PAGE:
SussexWorld was taken on a tour around Southern Water’s headquarters in Yeoman Road, Worthing last week, to see the pressures the company faces and how it ensures residents in the South East have water in their taps.
Dominic Hallett, operational control manager, said: “We are seeing a huge transformation.
"There’s a huge amount we want to do as an organisation to improve our perception, output, environment and customer communication.
“We are running various programmes and projects to improve; environment performances, customer performance and reputation. They are the top drivers for us.”
‘Tens of thousands reactive faults a day’
Mr Hallett said the control centre is staffed 24/7, 365 days a year.
He praised the work of water production controllers who look at the running of sites and response management. They respond to ‘tens of thousands reactive faults a day’ – ranging from someone breaking into a site to a leak.
A colour system, which automatically refreshes, has been put in place to show if the operating level of reservoirs’ – including Ditchling Road in Brighton and Mile Oak – is what it should be.
"We are are really heavily regulated industry,” he added.
"We have to take reservoirs out of supply and clean and disinfect them and we have a programme that does that.”
‘We have the impact to cause a disaster if we are not doing our jobs properly’
Paul Riordan, logistics operation manager, said most of the networks are built in the Victorian times – when ‘massive pumps’ would have been undesirable.
He said: “They were built in the most effective and efficient way possible.
"There are varying sizes, some the size of the a swimming pool and some are even smaller.
"One, near Pulborough, is the size of a bath tub.
"We used to have 20 people running a site but, these days, things are much more automated.
“The water you get out of the tap is far more regulated than anything you can buy in a bottle. We have to meet far tighter standard, in the interests of public health.
“The reservoirs are cleaned every year but are assessed and sampled everyday.
"Most of that water doesn’t stay in the reservoirs much more than a day. It probably gets turned over within 24 hours.”
Southern Water serves around 2.6million people in Sussex, which equates to around a million properties.
"But that increases every day,” Mr Hallett said. “We have densely populated areas in Crawley, Horsham, Brighton.
“The level of sampling to make sure people have got good quality drinking water is super important.
"All we are trying to do, day in day out, is try to keep water in peoples taps.
“We have the impact to cause a disaster if we are not doing our jobs properly.”
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‘Our job is for you to never know we’re there’
Mr Hallett said that, ‘inevitably’, things do not always go to plan.
He added: “Things do get interrupted but we do have a very clear set of escalation triggers.
“The intent always is to make sure we have good quality water for our customers. That’s the number one objective, caveated by making sure to keep our people safe.
"A lot is going down to technological advances in every centre, across the world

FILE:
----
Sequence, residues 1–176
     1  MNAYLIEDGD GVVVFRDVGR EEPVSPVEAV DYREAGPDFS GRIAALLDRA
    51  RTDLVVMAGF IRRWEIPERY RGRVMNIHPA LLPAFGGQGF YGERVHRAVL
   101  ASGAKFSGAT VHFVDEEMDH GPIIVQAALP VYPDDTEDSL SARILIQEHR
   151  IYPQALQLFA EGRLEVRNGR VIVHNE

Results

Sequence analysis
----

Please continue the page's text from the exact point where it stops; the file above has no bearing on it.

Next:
“We have got a brand new established proactive analysis centre. They are the people that are going to stop my team dealing with a reactive fault.
"They pick up anything before it becomes an asset fault and triggers an alarm. They are literal superheroes.”
Mr Hallett is in charge of a live weather radar as part of the risk management programme.
He pointed to lightning as one of the major problems staff have to deal with.
“At this time of year, summer storms form,” he said.
“Cloud to cloud activity doesn’t really impact our asset base but when it strikes the ground, it creates an electrical surge.
"In this building, if there’s lighting activity nearby, the lights will flicker and within about 10 minutes, I will have lost about 20 sites in Sussex.
“My team are always reviewing potential risks.
"They are silent heroes. Our job is for you to never know we’re there.”
‘Very exciting’ project
As part of the transformation programme, Southern Water has bought a fleet of new tankers. They are capable of carrying up to 30,000 litres of water around the county in the event of an emergency and keep customers in supply.
Mr Riordan said this is a ‘very exciting’ project, which has been under development for the last two years.
“We are very close to delivering it and going live,” he said.
"Hopefully by the end of the month.
“We are also bringing in new warehousing capability.
"Until now, we’ve run things very locally. Moving forward, we are looking to centralise that and have better control over our parts.
"We will be better and quicker at responding when fixing sites, with better support functions.”
Currently, tankers are provided through a third-party company when environmental emergencies occur.
This includes the West Beach estate in Lancing, which has faced multiple sewage leaks – the most recent being this week.
This was the sixth time since October, 2021, the same 2km stretch of pipe has burst in three different places. See pictures from the scene here.
In events like these, a ‘raft of vehicles’ are brought in to collect the wastewater and ‘take it somewhere else’.
Mr Riordan said this is done to ‘reduce pollution’ and the ‘impact on customers' properties and the environment’.
Click here to read more about the ongoing repair works.